After getting off to a slow start at Triple-A in 1970, Cambria went on a 12-2 run that earned him a call-up to the big leagues in August.  At the age of 22, he outdueled the great Tom Seaver of the Mets in the second game of a doubleheader on Sept. 20 that put the Pirates on the right track to capturing the 1970 NL East Pennant.
Played Ball with the Greats
Cambria made the post-season roster, but he never made an appearance since the Cincinnati Reds swept the Pirates in the playoffs. Still, Hall of Famers Roberto Clemente, Willie Stargell and Bill Mazeroski welcomed him with open arms.
“These guys were great to me and made me a member of the team,” Cambria said.
“I was just fortunate to play with some great ballplayers.”
After an arm injury forced him to throw submarine and a brief stint in the Yankees farm system, Cambria hung up his spikes in 1973. However, after earning a political science degree from St. Leo’s, his alma mater offered him the position as head baseball coach, which he accepted.
He later coached in the San Diego Padres minor leagues where he served as the pitching coach for the new draft picks in High-A ball.
With the recommendation of Heisman Trophy executive director Rudy Riska and St. John’s University, Jamaica, athletic director Jack Kaiser, Cambria was named the commissioner of the Atlantic Collegiate Baseball League. He was the league’s first MVP in 1967 and became the first player from the league to play in the majors.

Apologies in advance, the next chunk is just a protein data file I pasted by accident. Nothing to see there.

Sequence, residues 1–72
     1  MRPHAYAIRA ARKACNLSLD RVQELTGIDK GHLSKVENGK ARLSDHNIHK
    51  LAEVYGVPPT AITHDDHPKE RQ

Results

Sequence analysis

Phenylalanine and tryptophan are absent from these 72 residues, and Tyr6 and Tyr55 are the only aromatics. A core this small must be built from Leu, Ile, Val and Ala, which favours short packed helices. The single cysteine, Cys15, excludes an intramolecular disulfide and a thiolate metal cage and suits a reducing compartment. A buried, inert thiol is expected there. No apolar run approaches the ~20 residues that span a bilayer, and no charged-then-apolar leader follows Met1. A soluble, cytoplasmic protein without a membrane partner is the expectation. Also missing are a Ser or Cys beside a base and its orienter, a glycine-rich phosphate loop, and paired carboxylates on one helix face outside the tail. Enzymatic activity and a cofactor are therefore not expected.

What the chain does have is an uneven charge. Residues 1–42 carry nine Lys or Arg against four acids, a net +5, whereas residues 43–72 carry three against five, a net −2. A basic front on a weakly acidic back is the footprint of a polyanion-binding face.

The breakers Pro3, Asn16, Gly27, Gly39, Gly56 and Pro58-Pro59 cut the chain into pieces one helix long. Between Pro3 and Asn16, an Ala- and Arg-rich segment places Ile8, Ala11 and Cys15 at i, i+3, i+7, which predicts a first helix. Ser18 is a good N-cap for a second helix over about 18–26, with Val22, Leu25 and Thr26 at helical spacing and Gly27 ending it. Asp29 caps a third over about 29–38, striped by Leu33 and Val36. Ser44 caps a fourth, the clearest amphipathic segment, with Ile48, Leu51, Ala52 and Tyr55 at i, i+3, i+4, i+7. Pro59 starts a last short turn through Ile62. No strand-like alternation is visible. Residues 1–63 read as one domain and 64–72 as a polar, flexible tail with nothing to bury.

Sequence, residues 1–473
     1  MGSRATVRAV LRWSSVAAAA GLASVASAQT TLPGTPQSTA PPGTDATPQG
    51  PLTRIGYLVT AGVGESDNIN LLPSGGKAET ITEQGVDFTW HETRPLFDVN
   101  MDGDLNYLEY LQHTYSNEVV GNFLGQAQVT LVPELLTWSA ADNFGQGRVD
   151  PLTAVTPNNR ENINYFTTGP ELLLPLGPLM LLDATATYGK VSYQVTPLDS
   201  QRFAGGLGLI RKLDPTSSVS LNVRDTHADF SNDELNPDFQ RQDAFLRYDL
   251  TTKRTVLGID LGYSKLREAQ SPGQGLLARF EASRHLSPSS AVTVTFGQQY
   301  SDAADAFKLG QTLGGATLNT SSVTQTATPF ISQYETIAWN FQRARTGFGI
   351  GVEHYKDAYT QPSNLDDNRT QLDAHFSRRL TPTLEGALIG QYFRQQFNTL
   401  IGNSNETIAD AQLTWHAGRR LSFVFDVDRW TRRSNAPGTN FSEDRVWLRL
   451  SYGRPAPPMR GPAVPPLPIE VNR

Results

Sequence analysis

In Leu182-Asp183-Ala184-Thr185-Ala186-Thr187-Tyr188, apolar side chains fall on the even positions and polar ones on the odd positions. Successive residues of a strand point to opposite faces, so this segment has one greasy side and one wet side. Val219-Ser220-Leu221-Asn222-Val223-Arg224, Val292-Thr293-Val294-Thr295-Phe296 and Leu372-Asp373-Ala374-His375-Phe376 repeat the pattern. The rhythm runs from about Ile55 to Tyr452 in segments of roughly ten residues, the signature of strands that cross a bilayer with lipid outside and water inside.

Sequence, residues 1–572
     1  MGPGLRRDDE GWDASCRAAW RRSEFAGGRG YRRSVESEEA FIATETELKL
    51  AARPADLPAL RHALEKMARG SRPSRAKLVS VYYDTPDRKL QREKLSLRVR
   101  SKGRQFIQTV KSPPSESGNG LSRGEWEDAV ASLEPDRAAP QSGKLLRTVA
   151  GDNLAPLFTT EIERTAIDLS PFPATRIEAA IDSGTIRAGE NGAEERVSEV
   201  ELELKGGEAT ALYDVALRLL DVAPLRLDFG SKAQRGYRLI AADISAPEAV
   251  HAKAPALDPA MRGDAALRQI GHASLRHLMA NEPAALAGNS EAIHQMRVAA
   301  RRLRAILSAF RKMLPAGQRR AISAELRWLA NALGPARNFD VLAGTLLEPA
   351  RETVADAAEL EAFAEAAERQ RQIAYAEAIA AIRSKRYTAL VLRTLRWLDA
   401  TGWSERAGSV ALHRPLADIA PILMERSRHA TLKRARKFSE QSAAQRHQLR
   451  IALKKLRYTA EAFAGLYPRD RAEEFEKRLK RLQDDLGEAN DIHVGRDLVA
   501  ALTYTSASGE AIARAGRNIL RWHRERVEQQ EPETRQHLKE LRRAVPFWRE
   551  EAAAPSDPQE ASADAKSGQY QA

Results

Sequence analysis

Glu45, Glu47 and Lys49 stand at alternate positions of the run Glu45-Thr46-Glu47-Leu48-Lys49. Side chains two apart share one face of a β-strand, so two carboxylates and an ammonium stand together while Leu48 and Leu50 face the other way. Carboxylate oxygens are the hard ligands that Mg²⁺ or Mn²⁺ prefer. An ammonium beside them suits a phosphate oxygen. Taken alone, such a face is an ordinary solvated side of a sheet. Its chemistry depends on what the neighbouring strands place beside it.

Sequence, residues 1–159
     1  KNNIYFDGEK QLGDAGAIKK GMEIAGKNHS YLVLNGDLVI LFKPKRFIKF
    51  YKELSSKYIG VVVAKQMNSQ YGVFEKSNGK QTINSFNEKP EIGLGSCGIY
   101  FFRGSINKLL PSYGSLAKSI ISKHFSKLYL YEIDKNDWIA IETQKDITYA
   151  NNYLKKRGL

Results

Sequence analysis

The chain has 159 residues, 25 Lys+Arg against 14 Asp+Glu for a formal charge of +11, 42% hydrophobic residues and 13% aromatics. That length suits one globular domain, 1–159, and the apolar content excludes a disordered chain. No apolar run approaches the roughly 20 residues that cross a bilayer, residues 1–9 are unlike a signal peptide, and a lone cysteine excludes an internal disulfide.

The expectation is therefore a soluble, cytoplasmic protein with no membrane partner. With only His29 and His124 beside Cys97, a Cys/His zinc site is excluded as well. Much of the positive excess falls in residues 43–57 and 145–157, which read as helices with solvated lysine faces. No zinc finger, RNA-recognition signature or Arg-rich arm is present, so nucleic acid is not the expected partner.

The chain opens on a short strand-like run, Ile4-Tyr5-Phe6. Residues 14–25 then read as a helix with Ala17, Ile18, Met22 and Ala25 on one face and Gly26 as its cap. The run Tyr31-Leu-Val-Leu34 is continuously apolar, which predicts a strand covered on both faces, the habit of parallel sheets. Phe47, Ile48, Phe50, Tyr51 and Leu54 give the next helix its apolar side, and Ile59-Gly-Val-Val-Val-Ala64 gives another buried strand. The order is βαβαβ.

These days, Cambria is busy imparting his knowledge to young ballplayers. He stresses the importance of education and that developing as a player is more important than winning or losing.
“Whatever I learned, I hope to pass onto the kids today to make them better people and make them better ballplayers,” said Cambria. “I have no regrets. Baseball was great to me, and I still love it today.”

Follow Jim Mancari on Twitter @ JMMancari.[hr]

St. John’s Alums Play in Benefit Basketball Game

Three St. John’s University basketball alums – Justin Burrell, Malik Boothe and Paris Horne – played in the Malone Mulhall Benefit Game July 30 at Carnesecca Arena.
The game was held to honor the loss of three college students last summer – Jamie and Paige Malone and Michael Mulhall – who died in a car accident on their way to work. The three were counselors at a recreational summer camp for individuals with special needs.
Established to do charitable work in memory of those students, the game featured a high level of basketball talent and raised money for the foundations and scholarships in their names.

2 thoughts on “Baseball Still the Life For Former MLB Pitcher

  1. I enjoyed reading Jim Mancari’s story about ex-major leaguer Fred Cambria. In the late 1970’s, I played softball with Fred on County Sports, a nationally-ranked team. Fred was a great softball player, as well as a great guy, but after I left the team I lost track of him. I’ve seen his name pop up in the papers over the years, but this story was the most informative one that I’ve seen. I would love to reconnect with Fred, so if it is possible for you to either send me his contact info or to forward him mine; it would be greatly appreciated. Thank you.

    Steve Beccalori